Fuzzy - A Brief Introduction to Genetic Algorithms,...

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Unformatted text preview: A Brief Introduction to Genetic Algorithms, Artificial Neural Networks and Fuzzy Logic Networks Donato da Silva Filho Visiting Scholar Prof. Daniel Pete Loucks School of Civil and Environmental Engineering CEE 593 - Engineering Management Methods I CORNELL UNIVERSITY General Overview s The tutorial is divided in three main topics: c Genetic Algorithms. c Artificial Neural Networks. – Fuzzy Logic. s The Fuzzy Logic tutorial is organized as follows: – Brief theoretical background. – Simple numerical examples. – Engineering application. Examples s Fuzzy Logic: Dealing with imprecise information. c Robots and autonomous systems. c Control of automatic processes. c Stock markets. c Linguistic interpretation of complex systems. c Inference systems. History s Fuzzy Sets were introduced in 1965 by Prof. Lotfi Zadeh, from the University of California, Berkeley. The main aim of Fuzzy Sets is to deal with imprecise information. Let us see some examples. s s Example of imprecise information s Driver and the traffic light: – Start braking the car 70 feet far from the corner because the car has to stop before the crosswalk. – Start braking the car in a reasonable distance from the corner because the car has to stop before the crosswalk. Other examples s s s “Go to bed early!” “Do not watch too much TV!” “How do you want your beef prepared?” (well done → medium well → medium → medium rare → rare) s s s s “Sally is very tall.” “John is young.” “The temperature is high.” (In a car:) “Please, can you drive slower?” Illustration of the process There is a process to be modeled or to be controlled. 1 The process can be described by “imprecise” (fuzzy) statements. 2 We can develop a fuzzy controller for the process (i.e, a fuzzy model). 3 Needs for a fuzzy model First: we need to know how to represent imprecise pieces of information. s s Second: we need to know how to manipulate the representation in order to create models and control processes. Representation Set of numbers “close” to seven. s Conventional Set Theory: Fuzzy Set Theory: H 6 1 7 8 H m 0 6 7 8 Fuzzy x Crisp representation C r is p Set U n iv e rse o f D is c o u r s e F u zzy Set U n iv e rse o f D is c o u r s e Operations with Fuzzy Sets 1. 2. 3. 4. 5. Equality: A = B ⇔ mA (x) = mB (x). Pertinence: A B ⇔ mA (x) mB (x). Complementariety: mA (x) = 1 - mA (x). Intersection: mA B(x) = min { mA (x),mB (x)}. Union: mA B(x) = max { mA (x),mB (x)} ⊂≤ ∩ ∪ 111 mm AA m A > m B m A mA m m Ba x ( m , m m ) A mB A B 000 m B m in ( m A,m B) xxxx Meaning of the membership functions (1) m (x ) 1 6 /7 m m B A 5 /8 3 /7 0 3 6 7 11 x Linguistic variables s A Linguistic Variable is a variable characterized by words or by sentences expressed in natural language. – Example: age. M e m b e r s h ip D e g re e 1 very young young not young o ld v e r y o ld 0 21 32 56 x Approximate reasoning If (antecedent) than (consequent). s Example: s s s Rule: If (X is A) than (Y is B) Information: X is A’ Conclusion: Y is B’ Inference System (1) Rule 1: If x is close to zero, then y is close to zero. Rule 2: If x is close to one, then y is close to one. Rule 3: If x is close to two, then y is close to four. Rule 4: If x is close to three, then y is close to nine. 1. Linguistic Variable x: • Close to zero; • Close to one; • Close to two; • Close to three; 2. Linguistic Variable y: • Close to zero; • Close to one; • Close to four; • Close to nine; m (x ) m (x ) 1 1 0 x 2 3 Figure 1 - Terms of Variable x. 1 0 1 2 3 4 5 6 7 8 Figure 2 - Terms of Variable y. 9 x Inference System (2) •Aggregation: the aggregation operation is used to calculate the degree of fulfillment α the rule k. k of Given a value to x, the antecedent of a rule, rule 2 for instance, will generate a fuzzy membership value m1(x). For example, for x = 0.6, the antecedent of rule 1 is m1(x) = 0.4. If there are n antecedents, the degree of fulfillment of the of the k-rule will be given by: αmin(m1(x), m2(x), …, mN(x)) k= Activation: the • activation of a rule is the deduction of its conclusion, possibly reduced by its firing strength. Accumulation: all activated conclusions are accumulated, using the max operation in • this case. Tank example V a lv e T a rg e t le v e l (v a ria b le ) Three linguistic variables: level, level rate and the opening of the valve. Fuzzy Logic x Probability • You are lost in the middle of a desert and find the two bottles bellow. Which one would you drink? CC Soda AA S u lfu r ic A c id m L Pm ( LC P ) (=C 0) ,=9 01 , 9 1 P (PA ( A L P L) =P ) 0= 0 , 9 1 A Brief Introduction to Genetic Algorithms, Artificial Neural Networks and Fuzzy Logic Networks Donato da Silva Filho Visiting Scholar Prof. Daniel Pete Loucks School of Civil and Environmental Engineering CEE 593 - Engineering Management Methods I CORNELL UNIVERSITY ...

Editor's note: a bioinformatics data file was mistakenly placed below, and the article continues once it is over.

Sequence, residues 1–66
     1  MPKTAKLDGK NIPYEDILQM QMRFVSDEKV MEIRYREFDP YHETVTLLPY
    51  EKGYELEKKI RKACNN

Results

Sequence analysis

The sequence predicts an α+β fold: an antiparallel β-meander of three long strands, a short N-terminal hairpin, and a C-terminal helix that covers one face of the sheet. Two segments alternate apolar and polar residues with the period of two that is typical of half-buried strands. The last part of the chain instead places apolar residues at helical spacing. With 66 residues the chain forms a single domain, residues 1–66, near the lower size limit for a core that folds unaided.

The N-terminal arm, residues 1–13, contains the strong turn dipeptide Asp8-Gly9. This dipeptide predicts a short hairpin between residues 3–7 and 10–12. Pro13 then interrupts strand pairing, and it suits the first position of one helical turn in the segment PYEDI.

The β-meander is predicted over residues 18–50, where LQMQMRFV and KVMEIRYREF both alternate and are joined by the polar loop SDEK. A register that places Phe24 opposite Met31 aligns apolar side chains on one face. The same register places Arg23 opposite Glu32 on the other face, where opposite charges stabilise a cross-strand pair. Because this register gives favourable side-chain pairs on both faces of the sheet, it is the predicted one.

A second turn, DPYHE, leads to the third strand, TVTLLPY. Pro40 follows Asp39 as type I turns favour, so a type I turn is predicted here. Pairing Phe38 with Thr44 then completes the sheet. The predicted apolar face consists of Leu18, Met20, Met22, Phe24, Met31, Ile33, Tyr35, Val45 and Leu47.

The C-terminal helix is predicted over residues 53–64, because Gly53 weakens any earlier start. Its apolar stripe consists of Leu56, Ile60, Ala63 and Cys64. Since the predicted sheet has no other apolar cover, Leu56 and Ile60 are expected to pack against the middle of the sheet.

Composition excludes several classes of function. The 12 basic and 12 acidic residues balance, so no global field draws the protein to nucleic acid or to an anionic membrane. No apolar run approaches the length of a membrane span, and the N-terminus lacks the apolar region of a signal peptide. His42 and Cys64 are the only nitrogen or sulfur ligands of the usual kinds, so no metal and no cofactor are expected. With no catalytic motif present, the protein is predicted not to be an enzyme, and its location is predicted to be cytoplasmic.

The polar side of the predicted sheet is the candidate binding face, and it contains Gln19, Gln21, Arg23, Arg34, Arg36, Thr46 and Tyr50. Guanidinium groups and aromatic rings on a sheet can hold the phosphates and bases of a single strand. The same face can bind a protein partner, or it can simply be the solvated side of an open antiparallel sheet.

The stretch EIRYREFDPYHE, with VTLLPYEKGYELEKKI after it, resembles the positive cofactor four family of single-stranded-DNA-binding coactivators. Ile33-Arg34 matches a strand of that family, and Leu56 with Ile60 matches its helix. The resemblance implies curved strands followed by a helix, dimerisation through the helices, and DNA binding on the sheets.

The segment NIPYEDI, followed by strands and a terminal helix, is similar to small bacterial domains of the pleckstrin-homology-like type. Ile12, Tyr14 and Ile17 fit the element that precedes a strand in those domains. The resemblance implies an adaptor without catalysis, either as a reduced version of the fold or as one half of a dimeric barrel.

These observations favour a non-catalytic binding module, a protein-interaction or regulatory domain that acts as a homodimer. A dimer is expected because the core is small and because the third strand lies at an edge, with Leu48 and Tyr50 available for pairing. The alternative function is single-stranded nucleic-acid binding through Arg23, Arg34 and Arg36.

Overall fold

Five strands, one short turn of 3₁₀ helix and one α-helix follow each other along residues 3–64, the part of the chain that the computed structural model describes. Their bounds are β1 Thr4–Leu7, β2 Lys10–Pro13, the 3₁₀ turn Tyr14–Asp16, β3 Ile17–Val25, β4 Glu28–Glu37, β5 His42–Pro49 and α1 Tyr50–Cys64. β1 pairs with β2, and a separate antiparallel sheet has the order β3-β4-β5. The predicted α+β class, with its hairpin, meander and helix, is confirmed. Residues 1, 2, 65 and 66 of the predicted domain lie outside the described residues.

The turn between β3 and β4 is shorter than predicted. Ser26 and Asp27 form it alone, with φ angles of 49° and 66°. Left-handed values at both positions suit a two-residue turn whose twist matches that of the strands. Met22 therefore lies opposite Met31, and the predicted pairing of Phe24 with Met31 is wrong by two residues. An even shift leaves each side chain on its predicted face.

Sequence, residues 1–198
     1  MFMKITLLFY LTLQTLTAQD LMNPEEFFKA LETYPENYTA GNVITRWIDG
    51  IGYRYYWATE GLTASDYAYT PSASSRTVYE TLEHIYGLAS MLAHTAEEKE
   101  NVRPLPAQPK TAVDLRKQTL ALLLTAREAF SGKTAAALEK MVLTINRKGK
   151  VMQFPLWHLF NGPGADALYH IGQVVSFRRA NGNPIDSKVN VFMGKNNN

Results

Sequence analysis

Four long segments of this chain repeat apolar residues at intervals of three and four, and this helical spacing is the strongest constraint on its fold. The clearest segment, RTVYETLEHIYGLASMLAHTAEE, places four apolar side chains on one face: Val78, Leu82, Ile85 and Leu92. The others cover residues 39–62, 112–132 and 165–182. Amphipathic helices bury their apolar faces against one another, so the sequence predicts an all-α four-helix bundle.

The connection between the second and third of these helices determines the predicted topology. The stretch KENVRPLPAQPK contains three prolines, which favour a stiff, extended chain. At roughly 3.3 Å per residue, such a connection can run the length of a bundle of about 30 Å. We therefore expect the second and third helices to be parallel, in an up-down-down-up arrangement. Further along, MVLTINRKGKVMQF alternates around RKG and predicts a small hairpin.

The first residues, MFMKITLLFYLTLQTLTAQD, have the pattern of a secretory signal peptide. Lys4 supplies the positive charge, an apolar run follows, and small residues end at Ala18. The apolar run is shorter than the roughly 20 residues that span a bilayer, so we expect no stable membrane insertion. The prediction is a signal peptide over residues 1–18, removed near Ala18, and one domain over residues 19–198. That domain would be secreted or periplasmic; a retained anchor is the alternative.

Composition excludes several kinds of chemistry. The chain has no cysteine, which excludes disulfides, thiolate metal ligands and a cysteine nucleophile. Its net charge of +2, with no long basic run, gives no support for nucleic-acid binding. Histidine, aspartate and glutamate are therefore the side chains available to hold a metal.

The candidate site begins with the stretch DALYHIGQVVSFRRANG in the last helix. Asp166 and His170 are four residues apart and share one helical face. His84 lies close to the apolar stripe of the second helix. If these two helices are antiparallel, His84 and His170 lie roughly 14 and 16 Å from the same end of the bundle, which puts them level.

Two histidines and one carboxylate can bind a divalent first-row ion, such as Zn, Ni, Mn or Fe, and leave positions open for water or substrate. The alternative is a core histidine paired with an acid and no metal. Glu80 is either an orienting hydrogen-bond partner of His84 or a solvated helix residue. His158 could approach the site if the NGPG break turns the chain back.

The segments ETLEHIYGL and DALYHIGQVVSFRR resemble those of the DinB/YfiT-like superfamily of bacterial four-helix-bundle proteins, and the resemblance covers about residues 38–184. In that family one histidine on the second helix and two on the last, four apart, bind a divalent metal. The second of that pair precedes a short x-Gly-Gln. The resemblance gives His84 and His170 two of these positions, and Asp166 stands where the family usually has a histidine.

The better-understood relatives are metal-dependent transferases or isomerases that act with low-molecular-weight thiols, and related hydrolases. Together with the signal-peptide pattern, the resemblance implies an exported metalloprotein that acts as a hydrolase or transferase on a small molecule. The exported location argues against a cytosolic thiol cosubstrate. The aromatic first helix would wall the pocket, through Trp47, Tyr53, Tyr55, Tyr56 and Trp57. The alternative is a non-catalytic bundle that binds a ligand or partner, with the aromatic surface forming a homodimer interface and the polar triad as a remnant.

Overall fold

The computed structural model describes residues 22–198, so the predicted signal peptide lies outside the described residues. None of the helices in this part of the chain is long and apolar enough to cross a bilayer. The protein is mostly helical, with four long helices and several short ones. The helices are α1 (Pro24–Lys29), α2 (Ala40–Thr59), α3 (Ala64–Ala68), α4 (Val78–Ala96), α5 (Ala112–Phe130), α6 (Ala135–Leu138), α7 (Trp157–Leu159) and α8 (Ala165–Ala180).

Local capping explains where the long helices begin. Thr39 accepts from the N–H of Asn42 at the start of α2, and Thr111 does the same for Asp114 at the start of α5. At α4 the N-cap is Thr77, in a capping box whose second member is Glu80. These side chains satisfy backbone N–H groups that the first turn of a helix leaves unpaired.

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This note was uploaded on 03/29/2009 for the course CEE 5930 taught by Professor Loucks during the Fall '00 term at Cornell University (Engineering School).

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